Usable interactively from Scala interpreter
Provides:
» Resilient distributed datasets (RDDs)
» Operations on RDDs: transformations (build new RDDs),
actions (compute and output results)
» Control of each RDD’s partitioning (layout across nodes)
and persistence (storage in RAM, on disk, etc)
Spark Operations
Transformations
(define a new RDD)
Actions
(return a result to
driver program)
map
filter
sample
groupByKey
reduceByKey
sortByKey
flatMap
union
join
cogroup
cross
mapValues
collect
reduce
count
save
lookupKey
Task Scheduler
Dryad-like DAGs
Pipelines functions
within a stage
Locality & data
reuse aware
Partitioning-aware
to avoid shuffles
B:
A:
G:
Stage 1
C:
groupBy
D:
F:
map
E:
Stage 2
join
union
= cached data partition
Stage 3
Example: Log Mining
Load error messages from a log into memory, then
interactively search for various patterns
lines = spark.textFile(“hdfs://...”)
BaseTransformed
RDD
RDD
results
errors = lines.filter(_.startsWith(“ERROR”))
messages = errors.map(_.split(‘\t’)(2))
messages.persist()
tasks
Master
Msgs. 1
Worker
Block 1
Action
messages.filter(_.contains(“foo”)).count
Msgs. 2
messages.filter(_.contains(“bar”)).count
Worker
Msgs. 3
Result: scaled
full-text
tosearch
1 TB data
of Wikipedia
in 5-7 sec
in <1(vs
sec170
(vssec
20 for
secon-disk
for on-disk
data)data)
Worker
Block 3
Block 2
Fault Recovery
RDDs track the graph of transformations that
built them (their lineage) to rebuild lost data
E.g.:
messages = textFile(...).filter(_.contains(“error”))
.map(_.split(‘\t’)(2))
HadoopRDD
HadoopRDD
FilteredRDD
FilteredRDD
path = hdfs://…
func = _.contains(...)
MappedRDD
MappedRDD
func = _.split(…)
Iteratrion time (s)
Fault Recovery Results
140
120
100
80
60
40
20
0
Failure happens
119
81
1
57
56
58
58
57
59
57
59
2
3
4
5
6
Iteration
7
8
9
10
Example: PageRank
1. Start each page with a rank of 1
2. On each iteration, update each page’s rank to
Σi∈neighbors ranki / |neighborsi|
links = // RDD of (url, neighbors) pairs
ranks = // RDD of (url, rank) pairs
Example: PageRank
1. Start each page with a rank of 1
2. On each iteration, update each page’s rank to
Σi∈neighbors ranki / |neighborsi|
links = // RDD of (url, neighbors) pairs
ranks = // RDD of (url, rank) pairs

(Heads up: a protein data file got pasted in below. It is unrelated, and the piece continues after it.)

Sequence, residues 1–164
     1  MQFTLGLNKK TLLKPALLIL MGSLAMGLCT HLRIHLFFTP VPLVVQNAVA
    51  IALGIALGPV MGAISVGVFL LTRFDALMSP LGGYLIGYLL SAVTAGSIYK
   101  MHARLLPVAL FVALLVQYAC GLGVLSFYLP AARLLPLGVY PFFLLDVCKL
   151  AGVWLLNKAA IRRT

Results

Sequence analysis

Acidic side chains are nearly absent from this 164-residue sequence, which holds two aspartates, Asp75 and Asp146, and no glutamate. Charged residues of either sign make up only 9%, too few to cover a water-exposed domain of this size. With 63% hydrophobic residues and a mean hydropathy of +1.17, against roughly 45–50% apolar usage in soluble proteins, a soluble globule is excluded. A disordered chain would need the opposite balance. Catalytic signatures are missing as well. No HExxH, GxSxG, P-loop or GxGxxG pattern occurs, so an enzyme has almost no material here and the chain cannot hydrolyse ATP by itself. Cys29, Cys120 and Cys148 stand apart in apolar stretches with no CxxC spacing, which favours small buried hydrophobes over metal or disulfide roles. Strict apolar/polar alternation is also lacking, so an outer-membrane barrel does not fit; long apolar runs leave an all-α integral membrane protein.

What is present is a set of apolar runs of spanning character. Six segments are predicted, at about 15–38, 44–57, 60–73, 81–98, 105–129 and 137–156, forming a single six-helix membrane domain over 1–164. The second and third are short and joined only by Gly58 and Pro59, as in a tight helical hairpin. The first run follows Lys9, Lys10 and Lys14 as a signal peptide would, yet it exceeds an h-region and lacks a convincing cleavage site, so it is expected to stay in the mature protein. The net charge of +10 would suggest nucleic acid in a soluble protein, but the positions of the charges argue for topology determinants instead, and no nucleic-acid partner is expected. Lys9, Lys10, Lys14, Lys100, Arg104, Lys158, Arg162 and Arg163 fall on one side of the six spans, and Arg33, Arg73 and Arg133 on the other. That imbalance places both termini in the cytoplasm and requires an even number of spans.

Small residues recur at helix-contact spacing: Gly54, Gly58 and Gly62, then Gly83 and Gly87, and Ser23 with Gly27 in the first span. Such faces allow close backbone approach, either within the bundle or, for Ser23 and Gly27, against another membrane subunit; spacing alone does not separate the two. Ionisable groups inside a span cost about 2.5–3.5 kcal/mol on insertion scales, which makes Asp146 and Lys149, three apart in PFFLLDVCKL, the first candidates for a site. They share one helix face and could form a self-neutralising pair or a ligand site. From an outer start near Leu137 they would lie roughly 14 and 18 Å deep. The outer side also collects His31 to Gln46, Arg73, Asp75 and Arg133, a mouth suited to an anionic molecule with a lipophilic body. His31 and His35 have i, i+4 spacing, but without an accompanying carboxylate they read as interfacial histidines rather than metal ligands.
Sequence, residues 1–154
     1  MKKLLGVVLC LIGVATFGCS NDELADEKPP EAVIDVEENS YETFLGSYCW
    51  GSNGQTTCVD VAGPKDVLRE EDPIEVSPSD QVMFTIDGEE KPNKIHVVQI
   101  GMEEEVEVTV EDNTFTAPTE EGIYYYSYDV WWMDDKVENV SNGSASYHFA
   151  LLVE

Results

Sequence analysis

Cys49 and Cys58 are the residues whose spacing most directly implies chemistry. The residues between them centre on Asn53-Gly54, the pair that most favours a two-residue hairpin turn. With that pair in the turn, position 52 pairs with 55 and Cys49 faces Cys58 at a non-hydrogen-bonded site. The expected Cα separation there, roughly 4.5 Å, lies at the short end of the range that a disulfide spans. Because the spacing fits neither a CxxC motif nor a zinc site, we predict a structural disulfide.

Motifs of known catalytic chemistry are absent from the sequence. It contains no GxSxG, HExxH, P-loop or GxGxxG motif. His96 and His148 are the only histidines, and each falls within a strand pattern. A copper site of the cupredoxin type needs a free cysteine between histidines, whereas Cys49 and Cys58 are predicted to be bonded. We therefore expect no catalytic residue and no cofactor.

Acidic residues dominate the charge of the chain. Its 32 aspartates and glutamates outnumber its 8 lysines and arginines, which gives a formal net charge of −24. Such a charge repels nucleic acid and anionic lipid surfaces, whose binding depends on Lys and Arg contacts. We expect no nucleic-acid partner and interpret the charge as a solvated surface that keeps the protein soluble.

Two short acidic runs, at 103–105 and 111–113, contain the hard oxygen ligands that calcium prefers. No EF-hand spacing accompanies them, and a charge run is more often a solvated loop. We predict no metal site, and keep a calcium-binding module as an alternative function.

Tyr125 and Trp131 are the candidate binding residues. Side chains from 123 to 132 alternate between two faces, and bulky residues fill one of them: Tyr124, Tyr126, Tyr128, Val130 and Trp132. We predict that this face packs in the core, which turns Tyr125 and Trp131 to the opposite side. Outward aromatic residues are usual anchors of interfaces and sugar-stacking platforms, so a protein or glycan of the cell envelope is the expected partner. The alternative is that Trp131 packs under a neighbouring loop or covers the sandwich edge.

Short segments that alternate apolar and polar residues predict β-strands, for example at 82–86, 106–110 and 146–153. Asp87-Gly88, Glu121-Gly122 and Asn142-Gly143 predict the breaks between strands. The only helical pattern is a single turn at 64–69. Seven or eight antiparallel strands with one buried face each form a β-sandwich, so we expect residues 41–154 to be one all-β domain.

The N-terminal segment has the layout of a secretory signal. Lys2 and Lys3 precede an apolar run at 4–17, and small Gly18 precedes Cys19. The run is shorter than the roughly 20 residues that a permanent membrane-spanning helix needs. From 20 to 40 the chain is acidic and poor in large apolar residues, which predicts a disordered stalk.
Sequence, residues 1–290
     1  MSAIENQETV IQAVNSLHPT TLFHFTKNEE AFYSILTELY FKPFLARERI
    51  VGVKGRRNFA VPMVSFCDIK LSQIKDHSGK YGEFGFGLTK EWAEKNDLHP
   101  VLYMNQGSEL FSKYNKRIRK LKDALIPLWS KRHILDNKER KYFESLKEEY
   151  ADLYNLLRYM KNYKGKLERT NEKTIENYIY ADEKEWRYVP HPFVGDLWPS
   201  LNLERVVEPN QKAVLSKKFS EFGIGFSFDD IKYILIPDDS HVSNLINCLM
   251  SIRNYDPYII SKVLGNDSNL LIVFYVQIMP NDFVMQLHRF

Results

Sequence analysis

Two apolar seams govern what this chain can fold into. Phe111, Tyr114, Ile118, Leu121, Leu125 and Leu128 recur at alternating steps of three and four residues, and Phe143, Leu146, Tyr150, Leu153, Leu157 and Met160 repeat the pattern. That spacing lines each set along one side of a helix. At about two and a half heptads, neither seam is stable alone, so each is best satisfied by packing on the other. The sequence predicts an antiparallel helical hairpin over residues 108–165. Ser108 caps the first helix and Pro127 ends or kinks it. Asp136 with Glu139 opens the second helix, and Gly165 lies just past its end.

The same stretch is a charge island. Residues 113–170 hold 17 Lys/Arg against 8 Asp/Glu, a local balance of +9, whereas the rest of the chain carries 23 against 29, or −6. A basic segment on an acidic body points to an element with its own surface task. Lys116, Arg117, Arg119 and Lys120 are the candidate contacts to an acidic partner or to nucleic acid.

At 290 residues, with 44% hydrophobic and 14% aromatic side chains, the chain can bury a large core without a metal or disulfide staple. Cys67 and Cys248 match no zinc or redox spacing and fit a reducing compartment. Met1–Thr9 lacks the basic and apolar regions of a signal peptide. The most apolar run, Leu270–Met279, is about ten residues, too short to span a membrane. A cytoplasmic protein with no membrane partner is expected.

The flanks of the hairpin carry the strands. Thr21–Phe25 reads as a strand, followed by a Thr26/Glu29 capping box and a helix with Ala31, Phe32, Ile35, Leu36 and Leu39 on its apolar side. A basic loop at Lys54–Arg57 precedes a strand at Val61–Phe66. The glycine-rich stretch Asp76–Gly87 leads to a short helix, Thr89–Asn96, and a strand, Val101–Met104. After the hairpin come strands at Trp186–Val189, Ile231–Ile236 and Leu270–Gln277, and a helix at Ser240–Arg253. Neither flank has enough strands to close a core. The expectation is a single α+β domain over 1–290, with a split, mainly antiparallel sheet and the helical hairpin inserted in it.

for (i <- 1 to ITERATIONS) {
ranks = links.join(ranks).flatMap {
(url, (links, rank)) =>
links.map(dest => (dest, rank/links.size))
}.reduceByKey(_ + _)
}
Optimizing Placement
Links
Ranks0
(url, neighbors)
(url, rank)
join
Contribs0
reduce
Ranks1
join
Contribs2
reduce
Ranks2
. . .
links
& ranks repeatedly joined
Can co-partition them (e.g. hash
both on URL) to avoid shuffles
Can also use app knowledge,
e.g., hash on DNS name
links = links.partitionBy(
new URLPartitioner())
Time per iteration (s)
PageRank Performance
200
171
Hadoop
150
100
50
0
Basic Spark
72
23
Spark + Controlled
Partitioning
Programming Models
Implemented on Spark
RDDs can express many existing parallel models
» MapReduce, DryadLINQ
» Pregel graph processing [200 LOC]
» Iterative MapReduce [200 LOC]
» SQL: Hive on Spark (Shark) [in progress]
All are based on
coarse-grained
operations
Enables apps to efficiently intermix these models
Spark: Summary
RDDs offer a simple and efficient programming
model for a broad range of applications
Leverage the coarse-grained nature of many
parallel algorithms for low-overhead recovery
Issues?
Discretized Streams
Putting in-memory frameworks to work…
Motivation
• Many important applications need to process
large data streams arriving in real time
– User activity statistics (e.g. Facebook’s Puma)
– Spam detection
– Traffic estimation
– Network intrusion detection
• Target: large-scale apps that must run on tenshundreds of nodes with O(1 sec) latency
Challenge
• To run at large scale, system has to be both: